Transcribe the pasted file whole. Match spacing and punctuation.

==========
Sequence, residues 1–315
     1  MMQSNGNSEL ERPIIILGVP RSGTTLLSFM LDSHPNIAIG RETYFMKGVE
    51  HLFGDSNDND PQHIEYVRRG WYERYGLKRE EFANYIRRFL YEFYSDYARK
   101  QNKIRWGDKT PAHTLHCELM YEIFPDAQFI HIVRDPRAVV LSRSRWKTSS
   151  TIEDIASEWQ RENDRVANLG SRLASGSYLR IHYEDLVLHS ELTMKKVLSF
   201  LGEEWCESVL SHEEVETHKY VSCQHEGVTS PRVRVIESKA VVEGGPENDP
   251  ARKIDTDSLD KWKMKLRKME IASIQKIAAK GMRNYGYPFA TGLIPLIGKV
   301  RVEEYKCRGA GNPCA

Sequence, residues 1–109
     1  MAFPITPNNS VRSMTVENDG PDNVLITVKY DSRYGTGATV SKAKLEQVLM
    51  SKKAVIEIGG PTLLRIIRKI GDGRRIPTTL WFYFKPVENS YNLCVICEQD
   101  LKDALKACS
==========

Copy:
Sequence, residues 1–315
     1  MMQSNGNSEL ERPIIILGVP RSGTTLLSFM LDSHPNIAIG RETYFMKGVE
    51  HLFGDSNDND PQHIEYVRRG WYERYGLKRE EFANYIRRFL YEFYSDYARK
   101  QNKIRWGDKT PAHTLHCELM YEIFPDAQFI HIVRDPRAVV LSRSRWKTSS
   151  TIEDIASEWQ RENDRVANLG SRLASGSYLR IHYEDLVLHS ELTMKKVLSF
   201  LGEEWCESVL SHEEVETHKY VSCQHEGVTS PRVRVIESKA VVEGGPENDP
   251  ARKIDTDSLD KWKMKLRKME IASIQKIAAK GMRNYGYPFA TGLIPLIGKV
   301  RVEEYKCRGA GNPCA

Sequence, residues 1–109
     1  MAFPITPNNS VRSMTVENDG PDNVLITVKY DSRYGTGATV SKAKLEQVLM
    51  SKKAVIEIGG PTLLRIIRKI GDGRRIPTTL WFYFKPVENS YNLCVICEQD
   101  LKDALKACS